836 N. Russell St. / Portland, OR, 97227
Thursday, February 2, 2017
8 p.m.$10 in advance, $10 day of show21 and over
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At first glance, the word association of "Alaska" and "punk rock" might seem like something out of a cunning psychological method, but for singer-songwriter Michael Howard, they represent elemental forces that have helped form his creative voice. "I grew up playing in punk bands around Anchorage, putting on shows at rec centers and such," he says. In many ways, he fits in among a generation of ex-punk rockers and now happens to be a songwriter. As such, Howard is, in a way, an outsider. Born and raised amid the long winter nights and extended summer days of the Last Frontier, Howard knows what it is to be removed, living on the edge of civilization. Being formed as an adolescent by punk's do-it-yourself ethic, he is an explorer and an inventor, creatively speaking. After many dark Alaskan winters touring the rest of the State and long Arctic summers as a community organizer and activist, Michael Howard's unique perspective has come to fruition in his latest album, GASOLINE DREAM, a collection of poetic Americana born from life on the road.
Recorded at San Francisco's Tiny Telephone Studios, the album was produced and engineered by Jacob Winik (Magnetic Fields, John Vanderslice). In keeping with Howard's DIY punk roots, many of the songs, such as "Hog Butcher, Hog Butcher," and the title track, were recorded entirely live. Though a largely stripped-down recording, Howard brought in friend and part-time co-writer Kevin Worrell (upright bass, piano, pump organ) and Andrew Maguire (percussion) for other instrumentation.The songs on Gasoline Dream share a certain unvarnished, prophetic story-song quality with those of early Bob Dylan. Where the songwriting on Howard's previous album, The Martyr & The Magician, was more ethereal and spiritual, here it is more poetic and concrete. "These are a lot of stories inspired by being on the road," says Howard. "There's a touch of the personal along with the universal. It's more of a coherent collection of songs addressing community and global issues, references to veterans of the Afghanistan war and the Arab Spring, for instance."Like many prophets and dream interpreters of history, Michael Howard originates and speaks from the edge of society.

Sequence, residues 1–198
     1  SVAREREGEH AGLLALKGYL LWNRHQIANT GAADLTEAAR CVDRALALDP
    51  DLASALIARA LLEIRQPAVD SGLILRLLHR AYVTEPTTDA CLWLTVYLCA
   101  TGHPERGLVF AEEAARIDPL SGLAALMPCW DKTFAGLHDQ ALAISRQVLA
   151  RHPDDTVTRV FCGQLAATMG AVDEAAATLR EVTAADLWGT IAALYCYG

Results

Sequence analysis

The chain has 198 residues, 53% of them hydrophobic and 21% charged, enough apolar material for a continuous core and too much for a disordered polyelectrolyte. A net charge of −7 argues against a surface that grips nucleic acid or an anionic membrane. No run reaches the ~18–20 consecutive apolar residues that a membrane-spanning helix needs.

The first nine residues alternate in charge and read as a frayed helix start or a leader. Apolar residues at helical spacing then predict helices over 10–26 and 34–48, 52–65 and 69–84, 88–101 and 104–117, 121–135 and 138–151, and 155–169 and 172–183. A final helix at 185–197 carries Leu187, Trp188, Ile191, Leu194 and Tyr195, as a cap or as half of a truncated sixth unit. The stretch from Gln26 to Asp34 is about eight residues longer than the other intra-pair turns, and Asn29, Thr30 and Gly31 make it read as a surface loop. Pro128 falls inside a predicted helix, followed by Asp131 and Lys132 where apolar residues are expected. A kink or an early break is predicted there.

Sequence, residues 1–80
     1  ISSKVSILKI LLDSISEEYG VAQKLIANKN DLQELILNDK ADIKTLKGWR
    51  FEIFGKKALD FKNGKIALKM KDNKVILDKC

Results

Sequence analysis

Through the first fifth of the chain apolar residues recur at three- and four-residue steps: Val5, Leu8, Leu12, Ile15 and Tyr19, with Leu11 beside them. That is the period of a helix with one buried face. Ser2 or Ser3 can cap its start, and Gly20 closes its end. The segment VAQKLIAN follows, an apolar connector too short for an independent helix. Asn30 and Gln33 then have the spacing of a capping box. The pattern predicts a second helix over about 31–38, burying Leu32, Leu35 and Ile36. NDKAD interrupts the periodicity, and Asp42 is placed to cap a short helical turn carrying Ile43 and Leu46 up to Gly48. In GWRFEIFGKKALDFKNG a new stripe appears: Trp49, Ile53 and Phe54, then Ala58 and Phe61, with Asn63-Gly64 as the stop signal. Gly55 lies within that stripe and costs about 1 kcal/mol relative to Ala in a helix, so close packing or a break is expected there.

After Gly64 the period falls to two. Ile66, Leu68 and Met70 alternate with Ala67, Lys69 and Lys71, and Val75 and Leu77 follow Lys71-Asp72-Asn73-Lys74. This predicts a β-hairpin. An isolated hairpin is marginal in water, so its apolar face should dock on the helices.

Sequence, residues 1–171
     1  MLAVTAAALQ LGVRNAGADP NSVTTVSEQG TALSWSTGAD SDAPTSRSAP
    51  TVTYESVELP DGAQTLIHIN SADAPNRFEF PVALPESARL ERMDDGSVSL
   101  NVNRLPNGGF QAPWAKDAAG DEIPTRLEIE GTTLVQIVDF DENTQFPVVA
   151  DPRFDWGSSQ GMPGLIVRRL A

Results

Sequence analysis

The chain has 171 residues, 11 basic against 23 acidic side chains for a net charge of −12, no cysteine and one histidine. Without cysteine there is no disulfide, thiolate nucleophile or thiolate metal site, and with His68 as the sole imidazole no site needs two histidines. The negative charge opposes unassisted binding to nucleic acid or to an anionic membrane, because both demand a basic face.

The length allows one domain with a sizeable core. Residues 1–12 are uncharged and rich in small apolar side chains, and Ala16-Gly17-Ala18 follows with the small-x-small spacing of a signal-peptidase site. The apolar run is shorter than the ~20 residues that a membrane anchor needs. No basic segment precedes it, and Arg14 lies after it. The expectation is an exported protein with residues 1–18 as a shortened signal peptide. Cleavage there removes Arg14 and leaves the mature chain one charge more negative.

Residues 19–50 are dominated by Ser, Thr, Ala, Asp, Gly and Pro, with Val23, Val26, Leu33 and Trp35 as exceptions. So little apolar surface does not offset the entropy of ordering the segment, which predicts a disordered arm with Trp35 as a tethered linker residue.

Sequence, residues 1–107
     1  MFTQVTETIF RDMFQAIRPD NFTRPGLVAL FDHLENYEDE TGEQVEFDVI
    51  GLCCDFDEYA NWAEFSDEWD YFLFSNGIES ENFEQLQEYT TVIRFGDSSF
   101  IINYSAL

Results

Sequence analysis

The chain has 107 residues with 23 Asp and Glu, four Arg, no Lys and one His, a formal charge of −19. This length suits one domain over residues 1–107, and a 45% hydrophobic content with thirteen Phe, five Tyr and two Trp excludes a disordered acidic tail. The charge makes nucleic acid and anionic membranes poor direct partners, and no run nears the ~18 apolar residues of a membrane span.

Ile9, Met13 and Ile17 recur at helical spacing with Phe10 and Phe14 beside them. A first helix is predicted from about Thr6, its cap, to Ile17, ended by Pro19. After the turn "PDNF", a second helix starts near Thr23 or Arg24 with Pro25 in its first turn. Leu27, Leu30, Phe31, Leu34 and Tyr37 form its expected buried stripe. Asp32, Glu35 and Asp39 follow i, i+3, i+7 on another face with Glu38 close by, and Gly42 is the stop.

While I was earning an English degree, Josh Ritter came to my college and put on a small solo concert. Watching Ritter on stage was like watching someone trying to make sense of their existence, in real time, with a guitar and words. It seemed to be less of a performance and more of one man's necessity, which happened to be on public display that night. I had written songs before then, but certainly all that followed became something else entirely. I strive to find those songs, to write those songs, that exist in that perfect place perched between my own experience and the common experience that everyone can relate to. This rarely happens (in fact, I don't even know if it's happened yet.) I also think that I take myself much too seriously, and I have a lot to learn about writing songs that make people feel good; that make people want to shake around a little bit.
When I'm not playing music I substitute teach high school students. People love to ask how I balance music and teaching, which one I'm more passionate about; would I leave teaching behind entirely to pursue music? Does teaching influence my music? I don't know the answer to any of these things. I am passionate about music and I am passionate about teaching. Some days I can't stand music, some days I can't stand teaching. Both can feel like work, and both can leave me feeling like a crook for getting paid to do what I do.
I grew up a little bit in Texas, and then mostly in Oregon. My parents read to me at night and took me to the library and flooded my ears with music that meant something. My mom made me learn the cello at a young age. My dad took me to see John Gorka and Leo Kotke. I have a dog, a yellow lab named Ben, who has toured more than 10,000 miles with me over the past few years (human miles.) I play an old 1970′s Takamine gifted to me by my uncle.
-Jeffrey Martin has released two albums. Gold in the Water (2009) and Build A Home EP (2012.) In 2011 he was invited to the Sisters Folk Festival as an emerging artist, and then returned in 2012 as an officially showcased artist. In fall of 2012 Jeffrey was a finalist in the Mountain Stage / New Song contest in New York City. And he has earned songwriting mentions in American Songwriter Magazine, as well as the 2009 Kerrville Folk Fest songwriter contest.
Ryan Sollee moved to Portland in 2003 to chase music with his punk band the Born Losers. Eventually he formed The Builders and the Butchers, to much local and modest national acclaim. They toured relentlessly for 5 years, taking the Builders across Europe and the US multiple times. Ryan is a Taurus and a proud husband and father.
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